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Regulation of the innate immune system by autophagy: neutrophils, eosinophils, mast cells, NK cells

Cell Death & Differentiation (2019) | Download Citation


Autophagy is an evolutionally conserved, highly regulated catabolic process that combines cellular functions required for the regulation of metabolic balance under conditions of stress with those needed for the degradation of damaged cell organelles via the lysosomal machinery. The importance of autophagy for cell homeostasis and survival has long been appreciated. Recent data suggest that autophagy is also involved in non-metabolic functions that impact the immune system. Here, we reflect in two review articles the recent literature pointing to an important role for autophagy in innate immune cells. In this article, we focus on neutrophils, eosinophils, mast cells, and natural killer cells. We mainly discuss the influence of autophagy on functional cellular responses and its importance for overall host defense. In the companion review, we present the role of autophagy in the functions performed by monocytes/macrophages and dendritic cells.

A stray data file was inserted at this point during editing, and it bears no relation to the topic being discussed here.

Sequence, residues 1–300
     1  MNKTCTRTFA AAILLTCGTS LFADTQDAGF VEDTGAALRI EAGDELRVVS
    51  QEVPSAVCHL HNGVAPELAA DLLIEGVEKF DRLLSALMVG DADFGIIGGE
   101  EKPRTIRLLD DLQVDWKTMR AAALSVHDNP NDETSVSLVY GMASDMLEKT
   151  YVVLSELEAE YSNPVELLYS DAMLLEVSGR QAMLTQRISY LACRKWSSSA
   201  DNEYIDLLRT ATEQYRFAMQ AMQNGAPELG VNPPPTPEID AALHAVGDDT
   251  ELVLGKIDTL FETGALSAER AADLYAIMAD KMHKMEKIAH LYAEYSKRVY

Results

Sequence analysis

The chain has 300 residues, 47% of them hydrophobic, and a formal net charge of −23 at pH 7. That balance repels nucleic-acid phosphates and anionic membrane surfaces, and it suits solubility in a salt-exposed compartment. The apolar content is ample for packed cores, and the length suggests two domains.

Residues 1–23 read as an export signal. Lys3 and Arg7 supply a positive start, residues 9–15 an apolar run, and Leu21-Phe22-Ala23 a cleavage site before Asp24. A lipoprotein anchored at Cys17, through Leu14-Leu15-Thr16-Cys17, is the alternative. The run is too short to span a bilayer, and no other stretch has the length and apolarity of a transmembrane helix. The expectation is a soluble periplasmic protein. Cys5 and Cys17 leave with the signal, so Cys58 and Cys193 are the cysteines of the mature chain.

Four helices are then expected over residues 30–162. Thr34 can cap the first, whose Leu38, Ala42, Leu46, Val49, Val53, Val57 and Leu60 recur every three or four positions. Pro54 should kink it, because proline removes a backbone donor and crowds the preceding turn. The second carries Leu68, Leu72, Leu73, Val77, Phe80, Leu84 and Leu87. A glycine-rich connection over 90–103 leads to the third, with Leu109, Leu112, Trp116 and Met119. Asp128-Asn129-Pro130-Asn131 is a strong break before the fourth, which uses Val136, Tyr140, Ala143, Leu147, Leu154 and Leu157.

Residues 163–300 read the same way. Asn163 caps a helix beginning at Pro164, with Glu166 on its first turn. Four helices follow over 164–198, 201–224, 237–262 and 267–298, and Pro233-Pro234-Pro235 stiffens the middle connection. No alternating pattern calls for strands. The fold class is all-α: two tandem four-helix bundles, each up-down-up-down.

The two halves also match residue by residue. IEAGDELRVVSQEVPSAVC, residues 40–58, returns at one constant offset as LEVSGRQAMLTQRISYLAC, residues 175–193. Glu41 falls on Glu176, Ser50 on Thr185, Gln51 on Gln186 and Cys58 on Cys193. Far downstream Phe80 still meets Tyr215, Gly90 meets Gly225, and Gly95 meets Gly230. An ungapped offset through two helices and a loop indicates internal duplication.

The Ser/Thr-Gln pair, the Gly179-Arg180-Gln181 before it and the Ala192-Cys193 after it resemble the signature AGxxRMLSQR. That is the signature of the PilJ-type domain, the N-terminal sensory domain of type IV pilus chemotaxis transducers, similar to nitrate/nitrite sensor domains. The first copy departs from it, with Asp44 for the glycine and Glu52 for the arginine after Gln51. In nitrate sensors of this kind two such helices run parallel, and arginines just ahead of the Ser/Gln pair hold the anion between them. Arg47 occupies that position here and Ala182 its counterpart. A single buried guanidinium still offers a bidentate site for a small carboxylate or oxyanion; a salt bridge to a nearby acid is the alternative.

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The authors apologize to investigators whose contributions may not have been cited because of space limitations. The original work of the authors described here was supported by the Swiss National Science Foundation (31003A_173215 to S.Y. and 310030_166473 to H.U.S.) and the European Union Horizon 2020 Research and Innovation Program (Marie Sklodowska-Curie grant no. 642295; MEL-PLEX). N.G. and Z.F. are PhD students of the Graduate School of Cellular and Biomedical Sciences of the University of Bern.

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  1. Institute of Pharmacology, University of Bern, Bern, Switzerland

    • Nina Germic
    • , Ziva Frangez
    • , Shida Yousefi
    •  & Hans-Uwe Simon
  2. Department of Clinical Immunology and Allergology, Sechenov University, Moscow, Russia

    • Hans-Uwe Simon


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The authors declare that they have no conflict of interest.

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Correspondence to Hans-Uwe Simon.

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